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BPSim The Interchange Format

Transcript

Business Process Simulation
Interchange Standard
Denis Gagné,
www.BusinessProcessIncubator.com
Chair BPSWG at WfMC
XPDL Co-Editor at WfMC
BPMN 2.0 FTF Member at OMG
BPMN 2.1 RTF Member at OMG
CMMN Submission at OMG
Business Process Simulation Working Group
BPSWG
www.BPSim.org
BPSim Inception
ModSim 2009
Denis Gagné presented:
«Modeling and
Simulation in Business
Process Management»
XPDL4BPMN 2010
John Januszczak presented:
«Simulation for Business
Process Management»
Proposed a first draft
specification of Business
Process Simulation Scenarios
(SIM4BPM)
Robert Shapiro presented:
«Analytics for Performance
Optimization of BPMN 2.0
Business Processes»
Combined use of statistics
and simulation for structural
optimization
Town Hall Discussions
Participants expressed the
desire for a standardized
transport of analysis and
simulation parameters along
with results of simulation runs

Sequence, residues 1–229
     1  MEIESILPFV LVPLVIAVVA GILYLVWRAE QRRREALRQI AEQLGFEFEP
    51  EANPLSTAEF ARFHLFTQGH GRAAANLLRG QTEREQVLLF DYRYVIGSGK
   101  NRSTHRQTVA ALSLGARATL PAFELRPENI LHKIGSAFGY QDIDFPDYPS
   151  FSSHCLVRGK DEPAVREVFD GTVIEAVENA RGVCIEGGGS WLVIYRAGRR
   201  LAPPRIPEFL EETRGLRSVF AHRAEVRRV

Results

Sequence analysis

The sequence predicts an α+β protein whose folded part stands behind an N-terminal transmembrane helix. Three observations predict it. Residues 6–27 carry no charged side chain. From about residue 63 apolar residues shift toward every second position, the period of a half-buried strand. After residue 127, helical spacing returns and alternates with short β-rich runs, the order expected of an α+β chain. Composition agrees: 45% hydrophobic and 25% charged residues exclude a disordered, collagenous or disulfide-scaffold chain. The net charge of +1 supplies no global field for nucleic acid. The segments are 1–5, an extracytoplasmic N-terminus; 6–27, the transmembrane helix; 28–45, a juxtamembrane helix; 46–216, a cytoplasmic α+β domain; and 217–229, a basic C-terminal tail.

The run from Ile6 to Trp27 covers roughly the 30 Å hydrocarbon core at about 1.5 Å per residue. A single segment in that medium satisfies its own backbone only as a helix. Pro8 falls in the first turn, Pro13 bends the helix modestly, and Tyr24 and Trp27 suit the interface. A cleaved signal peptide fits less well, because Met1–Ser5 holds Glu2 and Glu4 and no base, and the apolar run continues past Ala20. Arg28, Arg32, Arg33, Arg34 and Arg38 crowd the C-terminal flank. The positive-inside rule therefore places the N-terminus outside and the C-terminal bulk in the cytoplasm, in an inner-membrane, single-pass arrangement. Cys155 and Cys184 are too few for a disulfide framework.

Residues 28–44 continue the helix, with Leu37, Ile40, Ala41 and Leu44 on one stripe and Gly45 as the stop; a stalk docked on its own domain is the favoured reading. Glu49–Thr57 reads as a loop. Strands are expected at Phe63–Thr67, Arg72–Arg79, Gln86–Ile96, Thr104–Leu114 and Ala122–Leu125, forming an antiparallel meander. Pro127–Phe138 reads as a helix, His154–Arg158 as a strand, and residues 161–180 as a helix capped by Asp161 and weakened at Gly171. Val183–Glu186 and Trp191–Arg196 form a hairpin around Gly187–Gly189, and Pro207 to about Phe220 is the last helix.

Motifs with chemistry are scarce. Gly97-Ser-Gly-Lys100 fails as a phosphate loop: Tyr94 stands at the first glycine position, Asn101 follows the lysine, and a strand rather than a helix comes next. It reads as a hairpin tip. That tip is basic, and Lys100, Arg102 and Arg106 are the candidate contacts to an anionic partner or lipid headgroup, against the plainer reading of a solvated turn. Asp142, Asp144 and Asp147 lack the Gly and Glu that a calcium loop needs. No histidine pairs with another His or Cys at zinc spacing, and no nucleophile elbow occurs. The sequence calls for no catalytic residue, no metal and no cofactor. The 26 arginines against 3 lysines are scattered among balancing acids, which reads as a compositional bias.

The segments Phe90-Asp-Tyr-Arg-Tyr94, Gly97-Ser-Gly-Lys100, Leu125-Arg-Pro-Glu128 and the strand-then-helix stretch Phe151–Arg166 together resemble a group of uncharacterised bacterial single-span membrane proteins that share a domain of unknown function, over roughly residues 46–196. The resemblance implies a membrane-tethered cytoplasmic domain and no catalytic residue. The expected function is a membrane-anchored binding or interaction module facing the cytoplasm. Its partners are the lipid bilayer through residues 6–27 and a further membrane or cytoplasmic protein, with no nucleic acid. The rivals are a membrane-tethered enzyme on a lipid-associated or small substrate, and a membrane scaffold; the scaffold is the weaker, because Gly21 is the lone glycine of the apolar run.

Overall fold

2011
Trisotech and Lanner
cooperation
Creation of the Process
Analysis Framework (PAF)
with intent to submit as an
Open Standard
PAF mapping to L-Sim,
Process Analytica and
Sim4BPM
Q3 2011
WfMC Establishes the
Business Process
Simulation Working
Group (BSWG)
Trisotech and Lanner
contributes the Process
Analysis Framework
(PAF
66 individual members
joins the effort
2012
Meeting in Paris,
Fr.
Meeting in Nashua,
USA
BPSim sandboxed by
many of the
contributers
Q1 2013
BPSim V1.0
General Availability
BPSWG by Definition
What it is:
A Standardization Effort
What it is not:
A Pure Thought Leadership Effort
Mandate:
Developing, reviewing, promoting BPM Simulation relevant
standard(s)
BPSWG Goal
Define a Specification for the Parameterization and Interchange of process
analysis data allowing Structural and Capacity Analysis of a process model
providing for Pre-execution and Post-execution optimization.
Focused on the Data («in/out») (commonly the «what») and its
Interchange not its interpretation or its use (the «how») or tool
smart.
Why BPSim
Encourage wider adoption of simulation within BPM
community through a standards led approach
Process simulation is a valuable technique to support process
design, reduce risk of change and improve efficiency in the
organisation
Provide a framework for the specification of simulation
scenario data and results as a firm foundation for
implementation
Open interchange of simulation scenario data between
modeling tool, simulator, results analysis/presentation tool